We’re counting on pharmaceutical companies to save humanity from the virus that’s wreaking havoc with life around the world, but can they help in the more personal and intimate sphere of love and romance? Brian Earp and Julian Savulescu explore the question in the book Love Drugs, which is reviewed in this issue by Troy Jollimore. Not entirely sold on chemical interventions, he points out that “there are many ways of trying to help love last or expire.”
Emrys Westacott reviews a small book on a big subject – On Being Me, by David Velleman. The book explores those basic questions of philosophy that have to do with the self, remaining the same person over time, personal responsibility, and death. But also the nature of regret and “wanting to be loved.” Westacott says that Velleman is the rare philosopher who is hesitant about some of his positions, and even occasionally admits to being confused. Yet he’s also consummately reflective, Westacott observes; perhaps to the point that his observations of the self are observations of a rather unusual self.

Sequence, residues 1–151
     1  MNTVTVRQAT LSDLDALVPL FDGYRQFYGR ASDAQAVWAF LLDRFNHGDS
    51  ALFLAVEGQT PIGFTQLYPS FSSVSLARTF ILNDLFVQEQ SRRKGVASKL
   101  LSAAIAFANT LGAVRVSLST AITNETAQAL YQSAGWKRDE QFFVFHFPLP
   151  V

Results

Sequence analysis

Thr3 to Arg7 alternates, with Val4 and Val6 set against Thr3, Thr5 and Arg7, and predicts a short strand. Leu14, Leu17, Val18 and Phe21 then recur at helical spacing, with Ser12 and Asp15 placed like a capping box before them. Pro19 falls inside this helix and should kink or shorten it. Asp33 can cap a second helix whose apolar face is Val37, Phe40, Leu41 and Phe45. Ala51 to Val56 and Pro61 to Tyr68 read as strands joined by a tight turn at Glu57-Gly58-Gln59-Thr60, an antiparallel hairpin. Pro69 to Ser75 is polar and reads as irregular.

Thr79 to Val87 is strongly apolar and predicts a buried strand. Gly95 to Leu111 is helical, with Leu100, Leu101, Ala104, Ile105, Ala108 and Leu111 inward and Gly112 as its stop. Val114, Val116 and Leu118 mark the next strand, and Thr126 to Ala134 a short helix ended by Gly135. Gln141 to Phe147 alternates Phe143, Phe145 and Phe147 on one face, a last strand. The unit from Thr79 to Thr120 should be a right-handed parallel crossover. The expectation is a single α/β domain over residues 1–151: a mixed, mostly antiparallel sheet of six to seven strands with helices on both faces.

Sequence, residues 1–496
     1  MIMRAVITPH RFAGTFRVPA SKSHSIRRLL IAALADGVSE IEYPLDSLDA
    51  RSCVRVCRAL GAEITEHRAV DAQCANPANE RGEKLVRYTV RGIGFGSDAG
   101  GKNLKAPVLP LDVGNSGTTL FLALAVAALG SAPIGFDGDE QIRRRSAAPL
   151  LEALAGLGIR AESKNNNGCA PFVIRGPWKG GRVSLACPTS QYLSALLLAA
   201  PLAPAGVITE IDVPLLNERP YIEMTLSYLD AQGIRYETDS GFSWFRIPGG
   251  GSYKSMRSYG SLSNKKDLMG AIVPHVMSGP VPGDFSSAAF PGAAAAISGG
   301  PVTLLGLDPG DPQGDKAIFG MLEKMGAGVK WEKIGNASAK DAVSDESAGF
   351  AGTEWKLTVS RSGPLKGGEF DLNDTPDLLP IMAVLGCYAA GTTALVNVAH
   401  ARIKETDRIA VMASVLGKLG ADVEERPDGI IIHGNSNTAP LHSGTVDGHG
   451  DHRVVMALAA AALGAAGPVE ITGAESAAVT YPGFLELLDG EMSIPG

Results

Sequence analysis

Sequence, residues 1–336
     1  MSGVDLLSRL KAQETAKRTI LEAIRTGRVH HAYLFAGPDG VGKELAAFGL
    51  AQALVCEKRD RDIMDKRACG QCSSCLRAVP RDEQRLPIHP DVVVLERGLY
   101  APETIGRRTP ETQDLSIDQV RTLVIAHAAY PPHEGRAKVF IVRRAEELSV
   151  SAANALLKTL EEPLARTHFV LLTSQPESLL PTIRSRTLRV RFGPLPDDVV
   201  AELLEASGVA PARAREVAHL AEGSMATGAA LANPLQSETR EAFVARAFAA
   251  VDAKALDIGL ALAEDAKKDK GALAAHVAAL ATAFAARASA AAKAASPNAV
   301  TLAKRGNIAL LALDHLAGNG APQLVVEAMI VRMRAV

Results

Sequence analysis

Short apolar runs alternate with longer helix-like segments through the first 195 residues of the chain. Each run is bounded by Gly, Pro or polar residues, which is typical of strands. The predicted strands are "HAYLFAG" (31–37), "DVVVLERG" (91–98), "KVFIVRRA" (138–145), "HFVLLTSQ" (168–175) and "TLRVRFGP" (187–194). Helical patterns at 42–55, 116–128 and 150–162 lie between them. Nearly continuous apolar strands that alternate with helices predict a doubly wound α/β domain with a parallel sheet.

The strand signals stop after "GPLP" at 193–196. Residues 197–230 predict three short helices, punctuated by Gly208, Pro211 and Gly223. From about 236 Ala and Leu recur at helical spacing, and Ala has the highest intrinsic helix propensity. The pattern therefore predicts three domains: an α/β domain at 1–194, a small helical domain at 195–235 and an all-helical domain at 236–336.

Some of us are reading as voraciously as usual, but for those finding focus elusive, we have two reviews of things to watch. Charles Peterson’s review of Spike Lee’s new movie Da 5 Bloods is an appreciation of that movie but also a celebration of Lee’s whole cinematic output and the movies that inspired him. Jean Kazez also writes about what she’s been watching, from pandemic hits like Contagion and Outbreak to 60s television to the latest in heady, perplexing, more-or-less philosophical TV. Time travel, anyone? Dark, the German Netflix series, makes it seems terribly possible but possibly terrible. We could use it these days, not to go anywhere antiquated or exotic, but just to do all the things we used to take for granted, like sitting in restaurants and going to bookstores.